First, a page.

Tuesday, October 27, 2020

Breast Cancer Screening And Prevention: Beyond Mammography


Breast Cancer Screening And Prevention: Beyond Mammography
Starting after age 40, women should have a breast exam by a health professional every year. When a woman turns 50, she should have a mammogram at least once every two years. Routine mammography for women ages 40 to 49 is optional. In addition to mammography, other tests may be ordered as part of a screening or diagnostic strategy, especially in women who are at increased risk of developing breast cancer.

Newer Tests For Breast Cancer


Ultrasound (sonography) uses sound waves to look at breast tissue. Ultrasound is particularly useful at telling whether a lump is a solid mass (worrisome) or whether it is a fluid-filled cyst (usually reassuring). This makes it a good test for examining younger women, who tend to have lumpier, cyst-filled breasts. Ultrasound has been used for many years to diagnose women with breast problems, but some experts feel it may also be useful as a screening test. Since ultrasound will not detect all breast cancers, it is most often ordered in conjunction with a mammogram.

Digital Mammography

Digital mammography has potential advantages over standard mammography. The radiologist can alter the lightness or darkness of the breast pictures, as well as enlarge and rotate the images. Traditional mammography is developed on film and cannot offer this flexibility. For premenopausal woman and older women with dense breasts, digital mammography appears to be slightly better at highlighting abnormalities.

Magnetic Resonance Imaging

Magnetic resonance imaging (MRI) uses magnetic waves to construct three-dimensional pictures of the body. Breast MRI may prove to be better than mammograms at detecting the earliest signs of cancer in younger, high-risk women. MRI also may be used to more closely examine breast tissue that appears abnormal on mammograms. While many experts are excited about this type of scan, MRI may be overall less accurate than mammograms, and more likely to give “false positive” results — abnormal results despite the fact the no cancer is present — that can increase a woman’s anxiety. At present, breast MRI should probably not be used as a screening test in women at average risk of breast cancer.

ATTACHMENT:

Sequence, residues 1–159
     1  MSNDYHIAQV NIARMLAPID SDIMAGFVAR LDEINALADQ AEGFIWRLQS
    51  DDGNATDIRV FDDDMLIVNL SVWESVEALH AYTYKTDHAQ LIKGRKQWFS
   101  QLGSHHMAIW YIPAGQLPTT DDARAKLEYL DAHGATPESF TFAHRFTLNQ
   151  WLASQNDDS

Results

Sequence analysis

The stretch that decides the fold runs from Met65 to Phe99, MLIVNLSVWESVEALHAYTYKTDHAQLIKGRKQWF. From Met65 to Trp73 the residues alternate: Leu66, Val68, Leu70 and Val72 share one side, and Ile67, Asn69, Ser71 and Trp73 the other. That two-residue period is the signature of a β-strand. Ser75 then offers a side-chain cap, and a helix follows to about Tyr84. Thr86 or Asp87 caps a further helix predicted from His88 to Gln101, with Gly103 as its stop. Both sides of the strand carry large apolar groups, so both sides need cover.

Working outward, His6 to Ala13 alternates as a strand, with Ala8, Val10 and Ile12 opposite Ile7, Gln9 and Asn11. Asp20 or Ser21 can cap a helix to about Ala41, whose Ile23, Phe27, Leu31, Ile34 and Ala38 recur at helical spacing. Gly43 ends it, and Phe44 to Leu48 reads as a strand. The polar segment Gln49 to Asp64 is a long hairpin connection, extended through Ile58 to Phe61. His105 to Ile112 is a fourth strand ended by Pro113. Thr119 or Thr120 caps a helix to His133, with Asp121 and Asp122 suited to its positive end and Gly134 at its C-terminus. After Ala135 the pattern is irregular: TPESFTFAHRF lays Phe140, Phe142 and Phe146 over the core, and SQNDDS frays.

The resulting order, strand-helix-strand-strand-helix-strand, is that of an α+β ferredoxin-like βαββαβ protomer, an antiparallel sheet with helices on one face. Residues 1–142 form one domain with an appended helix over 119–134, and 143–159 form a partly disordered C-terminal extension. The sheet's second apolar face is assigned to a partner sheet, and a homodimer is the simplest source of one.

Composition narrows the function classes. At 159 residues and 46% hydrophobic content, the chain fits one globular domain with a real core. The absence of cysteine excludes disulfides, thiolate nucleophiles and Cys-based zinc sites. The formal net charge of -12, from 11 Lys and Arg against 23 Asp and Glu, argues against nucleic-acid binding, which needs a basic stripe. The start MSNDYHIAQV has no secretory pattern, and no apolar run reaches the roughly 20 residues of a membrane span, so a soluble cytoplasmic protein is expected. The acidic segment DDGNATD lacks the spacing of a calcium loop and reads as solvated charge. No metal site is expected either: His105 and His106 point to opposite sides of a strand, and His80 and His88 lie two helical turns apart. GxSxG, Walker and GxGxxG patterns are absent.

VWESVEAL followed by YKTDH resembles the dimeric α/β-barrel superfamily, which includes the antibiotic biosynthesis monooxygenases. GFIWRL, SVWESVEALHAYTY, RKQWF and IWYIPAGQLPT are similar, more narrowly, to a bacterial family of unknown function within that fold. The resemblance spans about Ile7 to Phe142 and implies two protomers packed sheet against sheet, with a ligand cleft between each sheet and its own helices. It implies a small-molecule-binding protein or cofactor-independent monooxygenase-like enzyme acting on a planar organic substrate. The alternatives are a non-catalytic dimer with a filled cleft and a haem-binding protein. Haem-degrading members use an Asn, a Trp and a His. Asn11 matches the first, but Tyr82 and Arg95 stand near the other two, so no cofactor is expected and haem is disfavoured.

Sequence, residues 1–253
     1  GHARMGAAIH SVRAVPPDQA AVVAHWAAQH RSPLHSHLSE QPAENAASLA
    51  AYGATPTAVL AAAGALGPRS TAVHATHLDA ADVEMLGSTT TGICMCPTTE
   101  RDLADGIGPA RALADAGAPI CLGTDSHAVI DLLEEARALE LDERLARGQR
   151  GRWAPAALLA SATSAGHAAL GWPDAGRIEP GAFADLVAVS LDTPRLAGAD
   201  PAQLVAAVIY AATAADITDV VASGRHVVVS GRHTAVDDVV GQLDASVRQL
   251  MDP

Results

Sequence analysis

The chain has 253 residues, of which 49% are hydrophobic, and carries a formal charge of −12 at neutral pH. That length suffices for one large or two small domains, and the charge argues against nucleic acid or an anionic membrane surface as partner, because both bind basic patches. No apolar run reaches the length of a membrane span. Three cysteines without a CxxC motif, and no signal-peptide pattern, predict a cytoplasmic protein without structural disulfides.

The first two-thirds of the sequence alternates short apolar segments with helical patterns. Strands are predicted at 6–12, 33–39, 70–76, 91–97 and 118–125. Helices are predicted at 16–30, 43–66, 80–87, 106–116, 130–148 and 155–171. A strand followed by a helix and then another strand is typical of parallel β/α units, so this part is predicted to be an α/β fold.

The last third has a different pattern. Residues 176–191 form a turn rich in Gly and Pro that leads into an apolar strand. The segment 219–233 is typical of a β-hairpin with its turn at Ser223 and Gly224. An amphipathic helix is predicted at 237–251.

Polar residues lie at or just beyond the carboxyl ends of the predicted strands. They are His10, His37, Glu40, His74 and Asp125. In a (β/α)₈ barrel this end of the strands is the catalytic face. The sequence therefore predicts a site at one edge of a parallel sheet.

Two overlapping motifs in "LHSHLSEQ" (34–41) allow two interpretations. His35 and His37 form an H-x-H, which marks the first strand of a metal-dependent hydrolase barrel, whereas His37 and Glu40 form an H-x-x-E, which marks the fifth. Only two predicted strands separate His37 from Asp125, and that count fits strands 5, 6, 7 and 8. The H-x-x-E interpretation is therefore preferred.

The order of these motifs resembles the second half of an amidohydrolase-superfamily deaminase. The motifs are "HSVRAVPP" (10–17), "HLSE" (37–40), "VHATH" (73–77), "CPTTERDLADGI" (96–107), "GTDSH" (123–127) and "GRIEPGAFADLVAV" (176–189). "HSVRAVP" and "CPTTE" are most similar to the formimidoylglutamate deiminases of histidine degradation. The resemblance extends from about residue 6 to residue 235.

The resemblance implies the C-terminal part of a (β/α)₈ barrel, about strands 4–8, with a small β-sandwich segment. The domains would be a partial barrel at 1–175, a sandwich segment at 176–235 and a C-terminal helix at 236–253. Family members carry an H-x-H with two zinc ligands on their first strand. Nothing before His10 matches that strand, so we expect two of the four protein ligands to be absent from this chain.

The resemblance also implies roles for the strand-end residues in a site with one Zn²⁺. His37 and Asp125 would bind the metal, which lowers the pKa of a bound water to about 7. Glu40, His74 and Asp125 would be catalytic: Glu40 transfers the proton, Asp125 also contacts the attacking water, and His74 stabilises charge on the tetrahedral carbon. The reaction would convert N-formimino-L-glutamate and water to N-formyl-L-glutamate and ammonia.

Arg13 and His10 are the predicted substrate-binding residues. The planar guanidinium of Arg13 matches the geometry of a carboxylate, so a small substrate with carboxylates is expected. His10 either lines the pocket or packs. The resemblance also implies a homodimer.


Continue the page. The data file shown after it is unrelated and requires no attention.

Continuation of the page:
Ductal Lavage

Ductal lavage is a technique for looking for the earliest changes of breast cancer in cells taken from a woman’s breast. A tiny tube is inserted into the hole (duct) where milk flows from the nipple. Fluid is washed through the milk duct, and then spread on a microscope slide. A specially trained technician then examines the fluid for cells that appear normal and abnormal, much in the same way that a Pap smear is examined. If abnormal cells are seen, further testing or treatment may be considered. However, most abnormal cells seen on ductal lavage do not represent breast cancer, and ductal lavage is rarely used by itself to diagnose cancer.

Ductal lavage needs further study before this test is appropriate for widespread use. Like the other tests mentioned above, ductal lavage is probably most useful in women at increased risk of breast cancer.

Genetic Testing